When fans of Crystal Palace made the trip to Villa Park for their FA Cup semi-final meeting with Dalglish's Liverpool, it was more than hope than in expectation. But Mark Bright had another idea...
Pick your favourite Crystal Palace goal they said. Shouldn’t take long...
But where to start? Dean Gordon’s 35-yard thunderbolt against Derby in the 1993/94 Division One title-winning season? The frankly unlikely sight of Gareth Southgate dribbling fully 70 yards against Portsmouth in the promotion season of 1994 before thumping the ball home?
John Salako’s Pele-esque lob from the halfway line in one of the countless early-1990s meetings with Forest? Any number of Ian Wright’s seemingly endless strikes of the late-1980s and early-1990s? Or, in terms of sheer timing, Dougie Freedman’s sumptuous half volley three minutes from time that kept us up against Stockport in 2001? Never mind the handball beforehand from David Hopkin. But it can only be one, and it came on April 8, 1990.
Liverpool had already shipped 11 past us that season, nine of them in one game at Anfield the previous September. “If we can just get beat by two or three, and maybe score once so we can go mental, I’ll be happy,” was the general consensus in our carriage on the way up to Villa Park for ‘the most one-sided FA Cup Semi-Final in living memory’.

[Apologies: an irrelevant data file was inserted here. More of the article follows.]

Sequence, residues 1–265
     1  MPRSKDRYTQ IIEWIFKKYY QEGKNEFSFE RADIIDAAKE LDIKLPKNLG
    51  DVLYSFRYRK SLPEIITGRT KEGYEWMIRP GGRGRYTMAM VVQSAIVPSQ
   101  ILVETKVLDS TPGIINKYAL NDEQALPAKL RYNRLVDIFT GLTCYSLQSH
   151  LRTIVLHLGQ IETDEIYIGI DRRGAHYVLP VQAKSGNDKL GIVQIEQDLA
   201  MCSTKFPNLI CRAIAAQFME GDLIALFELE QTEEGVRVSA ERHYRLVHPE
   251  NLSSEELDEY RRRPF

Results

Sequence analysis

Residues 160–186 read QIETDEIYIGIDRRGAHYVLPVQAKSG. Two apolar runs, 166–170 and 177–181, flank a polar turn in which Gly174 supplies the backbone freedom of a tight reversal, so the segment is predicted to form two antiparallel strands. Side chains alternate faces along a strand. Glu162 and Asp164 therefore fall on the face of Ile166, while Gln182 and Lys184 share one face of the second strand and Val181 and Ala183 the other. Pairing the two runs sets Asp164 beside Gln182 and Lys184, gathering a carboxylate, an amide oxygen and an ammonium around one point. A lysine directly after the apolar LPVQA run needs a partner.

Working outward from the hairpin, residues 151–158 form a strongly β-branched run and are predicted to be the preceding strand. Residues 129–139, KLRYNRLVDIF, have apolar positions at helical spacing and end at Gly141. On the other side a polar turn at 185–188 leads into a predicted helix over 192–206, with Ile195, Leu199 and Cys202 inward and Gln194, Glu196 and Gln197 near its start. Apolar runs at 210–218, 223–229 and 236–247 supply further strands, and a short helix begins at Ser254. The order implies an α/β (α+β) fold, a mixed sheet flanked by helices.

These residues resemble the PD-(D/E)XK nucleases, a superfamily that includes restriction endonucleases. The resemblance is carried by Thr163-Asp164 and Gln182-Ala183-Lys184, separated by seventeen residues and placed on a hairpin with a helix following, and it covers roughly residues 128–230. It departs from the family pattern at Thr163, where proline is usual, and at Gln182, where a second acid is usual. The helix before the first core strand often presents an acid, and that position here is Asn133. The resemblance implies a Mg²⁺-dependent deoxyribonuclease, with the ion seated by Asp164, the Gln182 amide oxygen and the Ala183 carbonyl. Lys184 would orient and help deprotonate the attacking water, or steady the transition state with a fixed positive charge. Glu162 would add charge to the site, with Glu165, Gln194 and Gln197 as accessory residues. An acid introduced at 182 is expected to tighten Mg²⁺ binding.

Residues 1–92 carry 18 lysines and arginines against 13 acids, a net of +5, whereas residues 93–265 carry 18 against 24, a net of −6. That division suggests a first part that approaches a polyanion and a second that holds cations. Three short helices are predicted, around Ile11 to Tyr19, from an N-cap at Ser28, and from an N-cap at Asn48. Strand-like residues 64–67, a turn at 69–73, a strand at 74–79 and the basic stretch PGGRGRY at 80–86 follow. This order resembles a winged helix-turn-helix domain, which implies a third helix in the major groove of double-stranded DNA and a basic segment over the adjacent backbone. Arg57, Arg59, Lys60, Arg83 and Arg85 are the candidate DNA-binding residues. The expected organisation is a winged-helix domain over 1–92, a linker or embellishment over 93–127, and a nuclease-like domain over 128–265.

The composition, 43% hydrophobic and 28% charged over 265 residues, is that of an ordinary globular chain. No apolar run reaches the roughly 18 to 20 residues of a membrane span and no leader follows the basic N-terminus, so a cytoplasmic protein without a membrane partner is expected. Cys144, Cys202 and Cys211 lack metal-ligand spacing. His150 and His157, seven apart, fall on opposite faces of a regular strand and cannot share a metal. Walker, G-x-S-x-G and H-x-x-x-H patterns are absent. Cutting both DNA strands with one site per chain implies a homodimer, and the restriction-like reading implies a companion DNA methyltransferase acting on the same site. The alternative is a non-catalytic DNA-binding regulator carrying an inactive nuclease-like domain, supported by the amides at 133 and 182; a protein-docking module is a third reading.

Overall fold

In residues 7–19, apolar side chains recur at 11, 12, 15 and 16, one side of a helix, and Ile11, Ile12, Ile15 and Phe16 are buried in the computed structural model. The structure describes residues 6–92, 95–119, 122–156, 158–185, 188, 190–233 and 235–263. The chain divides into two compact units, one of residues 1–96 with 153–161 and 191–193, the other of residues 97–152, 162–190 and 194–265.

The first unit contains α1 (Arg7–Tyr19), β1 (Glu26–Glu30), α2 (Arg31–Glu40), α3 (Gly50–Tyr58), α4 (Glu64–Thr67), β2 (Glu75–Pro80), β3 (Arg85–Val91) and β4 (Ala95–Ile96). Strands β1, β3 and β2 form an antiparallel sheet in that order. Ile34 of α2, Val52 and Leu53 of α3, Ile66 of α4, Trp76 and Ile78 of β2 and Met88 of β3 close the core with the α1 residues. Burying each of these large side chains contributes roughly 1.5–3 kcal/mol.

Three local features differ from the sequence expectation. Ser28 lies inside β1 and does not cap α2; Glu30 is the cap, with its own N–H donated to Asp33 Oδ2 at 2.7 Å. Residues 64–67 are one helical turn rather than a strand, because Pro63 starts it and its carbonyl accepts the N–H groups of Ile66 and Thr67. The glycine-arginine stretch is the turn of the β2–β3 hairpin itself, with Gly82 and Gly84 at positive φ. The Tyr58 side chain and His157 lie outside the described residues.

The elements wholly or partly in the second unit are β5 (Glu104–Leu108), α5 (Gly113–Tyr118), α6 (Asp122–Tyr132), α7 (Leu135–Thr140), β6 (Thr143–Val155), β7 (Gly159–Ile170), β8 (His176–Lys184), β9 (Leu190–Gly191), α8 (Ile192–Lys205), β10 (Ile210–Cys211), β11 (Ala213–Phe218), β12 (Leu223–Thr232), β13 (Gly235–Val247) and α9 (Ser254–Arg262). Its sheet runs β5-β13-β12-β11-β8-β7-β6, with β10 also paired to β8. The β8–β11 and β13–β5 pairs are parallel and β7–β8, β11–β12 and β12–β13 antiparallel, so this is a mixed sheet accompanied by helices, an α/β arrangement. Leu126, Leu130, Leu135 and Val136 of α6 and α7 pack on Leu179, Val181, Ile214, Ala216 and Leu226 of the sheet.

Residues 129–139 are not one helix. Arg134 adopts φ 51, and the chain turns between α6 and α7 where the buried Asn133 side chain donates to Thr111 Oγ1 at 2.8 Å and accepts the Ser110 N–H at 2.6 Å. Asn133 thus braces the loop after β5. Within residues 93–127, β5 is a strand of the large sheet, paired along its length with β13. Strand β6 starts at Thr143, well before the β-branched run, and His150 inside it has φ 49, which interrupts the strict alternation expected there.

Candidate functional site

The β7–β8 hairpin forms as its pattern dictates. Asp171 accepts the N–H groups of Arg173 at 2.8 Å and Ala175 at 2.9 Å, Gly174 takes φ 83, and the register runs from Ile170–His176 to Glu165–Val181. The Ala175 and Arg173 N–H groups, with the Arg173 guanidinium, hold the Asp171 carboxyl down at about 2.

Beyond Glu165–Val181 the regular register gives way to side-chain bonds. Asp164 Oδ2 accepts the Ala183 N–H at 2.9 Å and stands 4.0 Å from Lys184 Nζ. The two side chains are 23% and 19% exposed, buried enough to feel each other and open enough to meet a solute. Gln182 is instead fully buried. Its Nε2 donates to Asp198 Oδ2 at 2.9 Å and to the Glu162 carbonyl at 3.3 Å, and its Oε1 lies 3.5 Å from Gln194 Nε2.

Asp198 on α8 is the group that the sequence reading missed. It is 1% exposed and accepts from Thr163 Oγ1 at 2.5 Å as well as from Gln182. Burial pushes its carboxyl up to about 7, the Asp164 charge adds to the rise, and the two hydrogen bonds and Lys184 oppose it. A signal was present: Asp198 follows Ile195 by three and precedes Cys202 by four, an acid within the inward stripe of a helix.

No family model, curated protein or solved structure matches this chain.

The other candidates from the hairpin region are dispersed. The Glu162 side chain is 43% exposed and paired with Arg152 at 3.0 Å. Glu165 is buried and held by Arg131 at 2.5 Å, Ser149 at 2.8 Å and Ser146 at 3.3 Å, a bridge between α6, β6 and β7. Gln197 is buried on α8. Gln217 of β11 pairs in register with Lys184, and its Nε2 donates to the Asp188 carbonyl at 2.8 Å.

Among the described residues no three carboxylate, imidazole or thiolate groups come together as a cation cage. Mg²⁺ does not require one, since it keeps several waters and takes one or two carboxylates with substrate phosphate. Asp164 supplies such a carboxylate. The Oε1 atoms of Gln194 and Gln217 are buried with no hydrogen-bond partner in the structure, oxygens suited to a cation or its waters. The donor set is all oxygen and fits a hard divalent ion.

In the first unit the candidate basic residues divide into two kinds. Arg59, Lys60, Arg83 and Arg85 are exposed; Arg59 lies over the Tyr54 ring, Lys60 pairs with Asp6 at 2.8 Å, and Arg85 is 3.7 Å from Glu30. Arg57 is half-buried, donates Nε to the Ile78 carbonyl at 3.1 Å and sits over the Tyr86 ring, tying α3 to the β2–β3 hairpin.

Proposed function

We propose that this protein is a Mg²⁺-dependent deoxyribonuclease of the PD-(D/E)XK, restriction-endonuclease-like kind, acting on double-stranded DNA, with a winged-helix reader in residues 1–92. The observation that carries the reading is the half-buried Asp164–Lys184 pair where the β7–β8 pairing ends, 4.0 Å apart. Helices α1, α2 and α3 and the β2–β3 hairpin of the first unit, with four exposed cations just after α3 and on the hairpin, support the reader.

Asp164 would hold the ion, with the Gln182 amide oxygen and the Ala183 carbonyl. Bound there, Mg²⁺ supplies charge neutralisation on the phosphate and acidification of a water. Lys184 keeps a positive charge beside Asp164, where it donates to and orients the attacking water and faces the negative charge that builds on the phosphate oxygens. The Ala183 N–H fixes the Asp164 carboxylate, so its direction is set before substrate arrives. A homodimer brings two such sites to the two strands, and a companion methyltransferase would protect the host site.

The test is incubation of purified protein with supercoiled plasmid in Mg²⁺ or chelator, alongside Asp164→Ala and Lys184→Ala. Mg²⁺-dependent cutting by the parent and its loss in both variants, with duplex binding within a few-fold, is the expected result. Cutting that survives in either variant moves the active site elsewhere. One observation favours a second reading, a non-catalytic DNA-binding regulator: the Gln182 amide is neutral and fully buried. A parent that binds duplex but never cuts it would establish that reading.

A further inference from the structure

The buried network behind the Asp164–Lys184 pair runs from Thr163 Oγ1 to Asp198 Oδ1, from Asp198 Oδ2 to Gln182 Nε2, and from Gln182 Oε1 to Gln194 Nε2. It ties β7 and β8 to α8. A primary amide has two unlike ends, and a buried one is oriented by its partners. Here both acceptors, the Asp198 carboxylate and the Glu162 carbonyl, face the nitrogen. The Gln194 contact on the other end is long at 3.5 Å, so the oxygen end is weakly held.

Less than 15 minutes in and the seemingly perpetual anti-climax of following the Palace was already settling in. Steve McMahon slid a through ball to the feet of Ian Rush who whipped it into the net. One-nil, the Scousers (finally) found their voice, business as usual.
It was a fairly typical Palace goal. Certainly not a thing of beauty. A hopeful punt into the box then a no-nonsense finish. It was greeted by silence. Palace’s fans gazed at the linesman, waiting for the offside flag, then at each other. Then, finally, we exploded in delight.
We awaited the inevitable collapse, but it was not forthcoming and half-time arrived with no change in the scoreline. We were still going to lose, of course, but maybe – just maybe – it might not be too embarrassing.
Fourteen seconds into the second-half embarrassment was forgotten. For Palace anyway.
A loose ball was picked up midway in his own half by Palace full-back John Pemberton, who strode forward into the yawning acres of space in front of him. If Alan Hansen had been watching from the Match of the Day studio he would have been appalled. But he wasn’t. He was playing centre-back for Liverpool. Appalled or not, he could only look on as Pembo burst between two half-hearted defenders and looped a cross over towards Bruce Grobbelaar’s far post.
Phil Barber’s header ricocheted back to John Salako about 15 yards from goal. Salako’s right-footed follow up was deflected clear, but only as far as Mark Bright who thumped the ball into the roof of the net. It was a fairly typical Palace goal. Certainly not a thing of beauty. A hopeful punt into the box, a whole heap of scruffiness and then a no-nonsense finish. It was greeted by silence. Liverpool’s blasé, success-stuffed fans (honestly younger readers … ask your dad) looked confused; Crystal Palace’s gazed at the linesman, waiting for the offside flag, then at each other. Then, finally, we exploded in delight.
There were another five goals in that game, which ended in a 4-3 victory for Crystal Palace and a visit to Wembley for the FA Cup Final. But it all began with that one head –up Sunday League charge down the flank. Cheers Pembo.
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